CRITICS The masters of the air

Mar 15, 2024 | Series Reviews

After changing war movies forever with Saving Private Ryan in 1998, Steven Spielberg and Tom Hanks decided to delve deeper into the homage to the American army that fought in Europe in World War II. Blood Brothers (2001) became an instant legendary series, with its charismatic characters such as Lieutenant Winters. Nine years later came The Pacific, with an equally expensive production but with much more debatable artistic and dramatic results.
The Masters of the Air is the long-awaited third part of the trilogy and the fourth most expensive series in the history of television, behind only The Rings of Power, Citadel and Stranger Things. Apple TV takes over from HBO (it is clear that this platform was not in economic conditions to assume that budget), and has a very young cast, led by actors such as Austin Butler (Oscar nominated for Elvis) or Callum Turner(Emma). Among the group of directors chosen, Cary Joji Fukunaga, responsible for the first and best season of True Detective, stands out.
With all this economic and artistic arsenal, and a story as exciting as that of the American air force that bombed the last remnants of Nazism in Germany in World War II, it was hard not to get excited about this series. But every week that a new episode was released, a new disappointment was added. Obviously there are some spectacular shots and praiseworthy technical details, but the story is marked by a very neutral and flat tone, with overly gelled characters engaging in overly artificial dialogue.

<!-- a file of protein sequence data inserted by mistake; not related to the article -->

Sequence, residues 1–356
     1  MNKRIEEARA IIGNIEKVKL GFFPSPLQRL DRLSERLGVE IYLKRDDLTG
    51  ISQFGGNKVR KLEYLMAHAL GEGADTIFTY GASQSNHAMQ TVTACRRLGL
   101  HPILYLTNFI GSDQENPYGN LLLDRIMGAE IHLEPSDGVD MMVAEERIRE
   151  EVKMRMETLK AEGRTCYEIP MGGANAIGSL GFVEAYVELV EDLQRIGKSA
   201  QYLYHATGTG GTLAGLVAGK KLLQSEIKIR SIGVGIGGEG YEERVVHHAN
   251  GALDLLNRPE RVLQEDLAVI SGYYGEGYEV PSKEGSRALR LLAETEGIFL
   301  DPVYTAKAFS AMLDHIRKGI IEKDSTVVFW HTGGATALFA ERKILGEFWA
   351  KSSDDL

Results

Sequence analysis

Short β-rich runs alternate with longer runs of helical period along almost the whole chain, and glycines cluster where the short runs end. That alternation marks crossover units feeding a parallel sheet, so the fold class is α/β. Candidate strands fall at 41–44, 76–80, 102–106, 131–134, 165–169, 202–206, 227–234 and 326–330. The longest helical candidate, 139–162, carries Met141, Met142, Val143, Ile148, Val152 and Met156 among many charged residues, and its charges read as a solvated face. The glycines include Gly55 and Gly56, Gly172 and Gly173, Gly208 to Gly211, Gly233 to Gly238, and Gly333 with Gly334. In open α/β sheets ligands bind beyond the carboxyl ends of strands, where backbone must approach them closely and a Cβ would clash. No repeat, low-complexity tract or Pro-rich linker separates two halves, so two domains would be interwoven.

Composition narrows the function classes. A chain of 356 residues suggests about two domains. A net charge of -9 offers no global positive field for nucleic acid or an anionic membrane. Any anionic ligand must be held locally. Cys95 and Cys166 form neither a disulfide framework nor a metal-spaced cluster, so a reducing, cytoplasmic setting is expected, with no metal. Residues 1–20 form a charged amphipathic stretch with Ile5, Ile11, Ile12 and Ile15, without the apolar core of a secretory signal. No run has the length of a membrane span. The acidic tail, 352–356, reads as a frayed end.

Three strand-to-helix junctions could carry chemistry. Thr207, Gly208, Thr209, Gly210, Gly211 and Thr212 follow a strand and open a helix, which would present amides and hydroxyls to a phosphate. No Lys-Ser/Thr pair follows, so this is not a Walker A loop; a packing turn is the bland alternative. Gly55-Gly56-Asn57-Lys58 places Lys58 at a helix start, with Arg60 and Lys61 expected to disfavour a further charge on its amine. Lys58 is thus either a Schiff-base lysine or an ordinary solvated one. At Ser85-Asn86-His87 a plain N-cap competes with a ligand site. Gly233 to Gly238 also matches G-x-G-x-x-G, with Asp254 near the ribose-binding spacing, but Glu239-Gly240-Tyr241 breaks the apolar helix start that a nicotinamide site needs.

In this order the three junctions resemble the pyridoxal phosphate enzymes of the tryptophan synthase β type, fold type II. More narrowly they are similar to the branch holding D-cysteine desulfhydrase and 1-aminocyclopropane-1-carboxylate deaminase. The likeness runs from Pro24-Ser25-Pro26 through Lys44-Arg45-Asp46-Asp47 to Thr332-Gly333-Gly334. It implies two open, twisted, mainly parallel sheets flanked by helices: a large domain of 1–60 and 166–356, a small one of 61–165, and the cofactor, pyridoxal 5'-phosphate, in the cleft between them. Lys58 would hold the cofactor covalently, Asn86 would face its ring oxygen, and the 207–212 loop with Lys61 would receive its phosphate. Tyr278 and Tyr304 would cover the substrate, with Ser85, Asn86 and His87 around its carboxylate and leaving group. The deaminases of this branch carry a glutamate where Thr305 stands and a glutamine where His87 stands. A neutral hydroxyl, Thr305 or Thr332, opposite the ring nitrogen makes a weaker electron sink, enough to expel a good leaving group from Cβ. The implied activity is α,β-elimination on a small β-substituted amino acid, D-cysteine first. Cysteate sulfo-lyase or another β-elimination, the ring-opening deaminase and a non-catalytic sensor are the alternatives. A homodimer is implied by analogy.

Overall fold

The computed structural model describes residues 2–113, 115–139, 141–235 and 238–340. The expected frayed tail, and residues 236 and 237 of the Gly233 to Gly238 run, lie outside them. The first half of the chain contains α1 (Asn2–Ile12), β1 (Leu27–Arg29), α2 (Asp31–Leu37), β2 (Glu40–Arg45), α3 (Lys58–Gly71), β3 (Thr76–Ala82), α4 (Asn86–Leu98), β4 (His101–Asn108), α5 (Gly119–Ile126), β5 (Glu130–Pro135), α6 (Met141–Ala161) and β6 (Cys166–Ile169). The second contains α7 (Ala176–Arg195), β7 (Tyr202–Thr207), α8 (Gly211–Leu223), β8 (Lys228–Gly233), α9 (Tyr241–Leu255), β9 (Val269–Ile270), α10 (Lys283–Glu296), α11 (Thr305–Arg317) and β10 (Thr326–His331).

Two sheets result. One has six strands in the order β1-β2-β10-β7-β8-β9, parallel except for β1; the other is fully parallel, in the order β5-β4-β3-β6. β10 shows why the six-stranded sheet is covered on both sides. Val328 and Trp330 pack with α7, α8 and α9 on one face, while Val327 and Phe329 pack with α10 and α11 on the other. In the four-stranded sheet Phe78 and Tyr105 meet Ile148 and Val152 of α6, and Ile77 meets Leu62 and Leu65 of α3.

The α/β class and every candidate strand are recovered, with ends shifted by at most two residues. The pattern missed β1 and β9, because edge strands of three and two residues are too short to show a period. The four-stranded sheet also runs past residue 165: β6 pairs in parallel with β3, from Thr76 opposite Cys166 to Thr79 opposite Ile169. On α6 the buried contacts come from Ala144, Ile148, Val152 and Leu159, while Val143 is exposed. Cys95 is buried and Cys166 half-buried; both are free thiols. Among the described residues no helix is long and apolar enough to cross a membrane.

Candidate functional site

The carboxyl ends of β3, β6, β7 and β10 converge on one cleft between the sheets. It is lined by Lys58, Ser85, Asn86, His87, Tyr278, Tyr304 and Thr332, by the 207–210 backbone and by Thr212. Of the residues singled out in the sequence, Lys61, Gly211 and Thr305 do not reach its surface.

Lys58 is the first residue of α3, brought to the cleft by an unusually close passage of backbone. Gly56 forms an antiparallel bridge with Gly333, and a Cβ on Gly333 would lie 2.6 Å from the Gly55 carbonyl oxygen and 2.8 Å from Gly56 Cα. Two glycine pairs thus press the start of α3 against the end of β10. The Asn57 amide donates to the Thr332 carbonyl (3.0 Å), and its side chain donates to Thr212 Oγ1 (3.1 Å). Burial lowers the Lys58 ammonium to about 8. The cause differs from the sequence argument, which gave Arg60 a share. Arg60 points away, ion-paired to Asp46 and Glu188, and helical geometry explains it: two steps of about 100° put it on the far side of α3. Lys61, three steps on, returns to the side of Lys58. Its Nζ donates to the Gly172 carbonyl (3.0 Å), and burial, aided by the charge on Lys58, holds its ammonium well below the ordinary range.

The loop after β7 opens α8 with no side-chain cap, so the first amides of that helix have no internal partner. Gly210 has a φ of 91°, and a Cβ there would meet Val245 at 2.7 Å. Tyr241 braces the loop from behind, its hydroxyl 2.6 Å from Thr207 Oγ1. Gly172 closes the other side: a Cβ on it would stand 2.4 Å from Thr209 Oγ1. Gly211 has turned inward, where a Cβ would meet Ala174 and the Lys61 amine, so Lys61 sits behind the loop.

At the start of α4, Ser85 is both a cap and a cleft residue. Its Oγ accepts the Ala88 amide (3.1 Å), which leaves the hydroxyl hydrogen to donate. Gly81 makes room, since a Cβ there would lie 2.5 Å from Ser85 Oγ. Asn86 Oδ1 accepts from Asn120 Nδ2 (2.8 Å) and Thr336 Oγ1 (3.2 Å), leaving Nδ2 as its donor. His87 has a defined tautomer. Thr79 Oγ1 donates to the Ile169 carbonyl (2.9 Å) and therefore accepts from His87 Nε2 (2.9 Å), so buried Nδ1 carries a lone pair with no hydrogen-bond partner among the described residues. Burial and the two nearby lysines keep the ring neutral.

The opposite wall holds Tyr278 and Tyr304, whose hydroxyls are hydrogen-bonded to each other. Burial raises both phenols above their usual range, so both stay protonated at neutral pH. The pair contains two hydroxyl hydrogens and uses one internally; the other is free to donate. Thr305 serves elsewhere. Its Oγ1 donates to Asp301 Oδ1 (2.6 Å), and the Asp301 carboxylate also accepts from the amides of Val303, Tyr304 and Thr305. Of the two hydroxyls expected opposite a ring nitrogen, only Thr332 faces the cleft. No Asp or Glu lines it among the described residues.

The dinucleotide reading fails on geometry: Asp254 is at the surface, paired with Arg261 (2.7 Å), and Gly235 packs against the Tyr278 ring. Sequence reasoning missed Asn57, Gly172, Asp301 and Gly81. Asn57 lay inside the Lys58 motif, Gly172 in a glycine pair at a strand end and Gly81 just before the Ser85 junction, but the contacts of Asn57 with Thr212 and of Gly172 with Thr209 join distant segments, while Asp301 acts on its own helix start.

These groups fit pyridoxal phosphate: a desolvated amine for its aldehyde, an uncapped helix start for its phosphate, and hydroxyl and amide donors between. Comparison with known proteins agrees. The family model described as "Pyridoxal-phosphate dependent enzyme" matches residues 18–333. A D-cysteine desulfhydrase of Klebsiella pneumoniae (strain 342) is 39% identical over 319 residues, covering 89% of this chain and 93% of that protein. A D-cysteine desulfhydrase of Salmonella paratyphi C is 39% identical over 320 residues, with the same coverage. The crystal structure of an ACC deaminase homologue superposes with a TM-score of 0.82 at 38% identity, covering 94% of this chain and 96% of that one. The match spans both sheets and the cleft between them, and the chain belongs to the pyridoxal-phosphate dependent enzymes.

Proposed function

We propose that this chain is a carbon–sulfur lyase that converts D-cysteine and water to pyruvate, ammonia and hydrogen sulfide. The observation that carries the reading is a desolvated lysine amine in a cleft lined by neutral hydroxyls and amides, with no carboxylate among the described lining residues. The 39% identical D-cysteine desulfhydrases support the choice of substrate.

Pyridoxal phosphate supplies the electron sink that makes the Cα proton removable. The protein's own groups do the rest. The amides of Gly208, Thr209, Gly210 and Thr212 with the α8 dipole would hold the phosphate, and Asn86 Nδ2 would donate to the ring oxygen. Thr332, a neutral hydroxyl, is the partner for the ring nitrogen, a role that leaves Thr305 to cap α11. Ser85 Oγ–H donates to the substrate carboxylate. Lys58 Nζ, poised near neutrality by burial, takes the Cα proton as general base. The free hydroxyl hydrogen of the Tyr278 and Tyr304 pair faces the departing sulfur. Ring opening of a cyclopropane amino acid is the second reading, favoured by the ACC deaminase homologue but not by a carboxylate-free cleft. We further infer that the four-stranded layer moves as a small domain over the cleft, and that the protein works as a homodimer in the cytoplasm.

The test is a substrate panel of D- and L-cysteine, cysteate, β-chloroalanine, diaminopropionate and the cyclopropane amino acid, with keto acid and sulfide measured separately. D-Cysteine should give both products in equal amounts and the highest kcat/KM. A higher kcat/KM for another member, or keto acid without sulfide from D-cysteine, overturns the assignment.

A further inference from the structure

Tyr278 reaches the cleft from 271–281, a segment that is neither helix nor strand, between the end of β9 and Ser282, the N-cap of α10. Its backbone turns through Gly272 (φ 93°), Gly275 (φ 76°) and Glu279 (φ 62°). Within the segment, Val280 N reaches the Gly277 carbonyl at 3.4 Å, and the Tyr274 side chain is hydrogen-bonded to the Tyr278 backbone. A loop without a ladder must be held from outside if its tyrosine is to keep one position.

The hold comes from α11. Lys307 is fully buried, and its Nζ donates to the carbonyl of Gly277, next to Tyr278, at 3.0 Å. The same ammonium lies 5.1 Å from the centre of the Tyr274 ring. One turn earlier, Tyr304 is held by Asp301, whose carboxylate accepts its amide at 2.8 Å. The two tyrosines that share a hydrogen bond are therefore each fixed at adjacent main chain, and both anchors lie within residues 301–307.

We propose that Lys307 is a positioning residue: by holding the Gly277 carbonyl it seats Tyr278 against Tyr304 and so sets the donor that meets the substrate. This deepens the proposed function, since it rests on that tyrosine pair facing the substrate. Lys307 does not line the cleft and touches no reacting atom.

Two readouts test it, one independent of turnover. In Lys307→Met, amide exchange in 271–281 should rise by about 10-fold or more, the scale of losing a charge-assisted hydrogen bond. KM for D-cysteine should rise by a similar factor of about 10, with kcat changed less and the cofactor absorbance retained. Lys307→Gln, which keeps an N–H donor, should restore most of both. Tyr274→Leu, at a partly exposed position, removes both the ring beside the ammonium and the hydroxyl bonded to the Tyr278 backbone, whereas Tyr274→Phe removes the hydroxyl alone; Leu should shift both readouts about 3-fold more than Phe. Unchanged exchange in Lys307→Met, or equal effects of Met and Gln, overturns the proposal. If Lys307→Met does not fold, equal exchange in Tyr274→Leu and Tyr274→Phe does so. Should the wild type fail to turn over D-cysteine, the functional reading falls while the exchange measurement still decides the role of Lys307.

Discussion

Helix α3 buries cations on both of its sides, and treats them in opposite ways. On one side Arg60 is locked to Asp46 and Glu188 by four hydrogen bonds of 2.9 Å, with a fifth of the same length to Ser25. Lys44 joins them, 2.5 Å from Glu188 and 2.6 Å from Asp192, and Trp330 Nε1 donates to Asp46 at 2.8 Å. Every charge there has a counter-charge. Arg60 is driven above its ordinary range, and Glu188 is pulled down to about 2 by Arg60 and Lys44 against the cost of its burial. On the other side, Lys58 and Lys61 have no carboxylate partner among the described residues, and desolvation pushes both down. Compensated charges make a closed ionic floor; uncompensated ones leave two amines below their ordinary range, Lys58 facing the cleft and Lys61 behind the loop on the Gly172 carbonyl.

Nor do the battle scenes have the clarity and emotion they should convey. The editing is somewhat chaotic, and it's hard to get into the heat of a battle that is barely glimpsed. Nor does the soundtrack by Black Neely(The Mentalist, Five Brothers) bring personality and vibrancy to the images.
In short, The Masters of the Air repeats the same dramatic shortcomings of The Pacific, falling far short of the exceptional level enjoyed by the war genre in recent years(Until the Last Man, Dunkirk, All Quiet at the Front, 1944, Land of Mine, City of Life and Death).

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